Portia


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Por•tia

(ˈpɔr ʃə, -ʃi ə, ˈpoʊr-)

n.
the heroine of Shakespeare's Merchant of Venice, who, in one scene, disguises herself as a lawyer.
Random House Kernerman Webster's College Dictionary, © 2010 K Dictionaries Ltd. Copyright 2005, 1997, 1991 by Random House, Inc. All rights reserved.
Translations
Portia

Portia

[ˈpɔːʃə] NPorcia
Collins Spanish Dictionary - Complete and Unabridged 8th Edition 2005 © William Collins Sons & Co. Ltd. 1971, 1988 © HarperCollins Publishers 1992, 1993, 1996, 1997, 2000, 2003, 2005
References in classic literature ?
Bassanio's need is urgent, for he loves the beautiful lady Portia and desires to marry her.
Meantime in Belmont many lovers come to woo fair Portia. With high hope they come, with anger and disappointment they go away.
This trial of all suitors had been ordered by Portia's father ere he died, so that only a worthy and true man might win his daughter.
And Portia, happy, triumphant, humble, no longer the great lady with untold wealth, with lands and palaces and radiant beauty, but merely a woman who has given her love, answers:--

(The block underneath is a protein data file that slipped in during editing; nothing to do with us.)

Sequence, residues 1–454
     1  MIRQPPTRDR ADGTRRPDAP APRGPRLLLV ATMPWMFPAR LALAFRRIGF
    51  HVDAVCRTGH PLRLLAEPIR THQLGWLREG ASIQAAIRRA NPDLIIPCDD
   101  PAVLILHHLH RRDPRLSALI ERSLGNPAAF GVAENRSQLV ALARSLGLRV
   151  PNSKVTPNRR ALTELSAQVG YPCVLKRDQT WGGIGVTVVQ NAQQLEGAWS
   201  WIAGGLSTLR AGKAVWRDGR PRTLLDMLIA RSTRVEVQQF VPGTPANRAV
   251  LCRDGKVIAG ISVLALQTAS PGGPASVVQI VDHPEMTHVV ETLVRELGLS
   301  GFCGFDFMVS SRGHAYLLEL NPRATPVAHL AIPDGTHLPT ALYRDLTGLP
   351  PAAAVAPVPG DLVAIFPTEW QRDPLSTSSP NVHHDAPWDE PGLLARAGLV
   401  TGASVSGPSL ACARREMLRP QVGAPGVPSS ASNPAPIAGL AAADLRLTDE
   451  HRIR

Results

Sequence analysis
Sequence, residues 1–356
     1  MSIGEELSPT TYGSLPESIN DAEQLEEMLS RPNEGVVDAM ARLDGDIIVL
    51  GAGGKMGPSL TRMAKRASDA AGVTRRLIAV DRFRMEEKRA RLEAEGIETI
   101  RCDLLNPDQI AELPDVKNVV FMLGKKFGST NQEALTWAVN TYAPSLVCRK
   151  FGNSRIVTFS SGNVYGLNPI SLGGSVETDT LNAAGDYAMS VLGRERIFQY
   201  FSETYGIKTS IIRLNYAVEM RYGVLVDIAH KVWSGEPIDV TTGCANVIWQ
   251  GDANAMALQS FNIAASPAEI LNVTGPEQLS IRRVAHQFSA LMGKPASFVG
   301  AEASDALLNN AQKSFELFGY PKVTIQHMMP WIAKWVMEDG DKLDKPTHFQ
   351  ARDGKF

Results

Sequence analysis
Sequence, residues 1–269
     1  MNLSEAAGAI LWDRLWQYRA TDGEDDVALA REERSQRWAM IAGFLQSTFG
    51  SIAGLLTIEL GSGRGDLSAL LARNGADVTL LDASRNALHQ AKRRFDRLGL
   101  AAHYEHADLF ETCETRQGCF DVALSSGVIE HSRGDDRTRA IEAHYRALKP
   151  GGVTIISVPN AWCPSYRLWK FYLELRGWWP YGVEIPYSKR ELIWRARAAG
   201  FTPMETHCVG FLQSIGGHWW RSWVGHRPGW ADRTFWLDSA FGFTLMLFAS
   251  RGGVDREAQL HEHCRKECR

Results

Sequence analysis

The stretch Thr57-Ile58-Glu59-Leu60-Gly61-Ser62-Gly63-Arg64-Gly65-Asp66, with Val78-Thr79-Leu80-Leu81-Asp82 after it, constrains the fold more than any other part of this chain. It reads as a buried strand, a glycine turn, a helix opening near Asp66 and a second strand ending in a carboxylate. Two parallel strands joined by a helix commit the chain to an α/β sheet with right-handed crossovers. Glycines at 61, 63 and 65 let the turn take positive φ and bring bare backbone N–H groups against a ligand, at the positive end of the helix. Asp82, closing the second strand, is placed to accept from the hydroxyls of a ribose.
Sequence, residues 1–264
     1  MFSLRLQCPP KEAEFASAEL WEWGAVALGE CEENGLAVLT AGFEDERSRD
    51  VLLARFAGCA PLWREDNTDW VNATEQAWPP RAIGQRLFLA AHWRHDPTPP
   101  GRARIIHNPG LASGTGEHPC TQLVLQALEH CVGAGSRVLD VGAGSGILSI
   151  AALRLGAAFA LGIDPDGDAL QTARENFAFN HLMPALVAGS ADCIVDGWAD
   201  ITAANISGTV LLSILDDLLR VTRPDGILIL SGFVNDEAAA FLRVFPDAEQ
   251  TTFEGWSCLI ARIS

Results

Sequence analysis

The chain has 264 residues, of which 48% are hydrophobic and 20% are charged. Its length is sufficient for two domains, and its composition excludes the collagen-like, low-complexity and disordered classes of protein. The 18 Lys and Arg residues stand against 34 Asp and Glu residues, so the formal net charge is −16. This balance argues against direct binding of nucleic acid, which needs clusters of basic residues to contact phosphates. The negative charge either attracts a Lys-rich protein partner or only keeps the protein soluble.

Then as a pledge of all her love Portia gives to Bassanio a ring, and bids him never part from it so long as he shall live.
And then as if to make the joy complete, it is discovered that Portia's lady in waiting, Nerissa, and Bassanio's friend, Gratiano, also love each other, and they all agree to be married on the same day.
"Oh," cries Portia when she hears, "what a paltry sum!
But Portia has no mind to sit at home and do nothing while her husband's friend is in danger of his life.
This is, of course, none other than Portia. She is admitted, and at once begins the case.
Portia will surely understand that his request could not be refused, and so he sends Gratiano after him with the ring.
"This court finds the defendant not guilty, and the cruiser shall wait a few days longer that he may have an opportunity to come and thank the divine Portia."
He reflected how convinced Anselmo would be that he had a second Portia for a wife, and he looked forward anxiously to meeting him in order to rejoice together over falsehood and truth the most craftily veiled that could be imagined.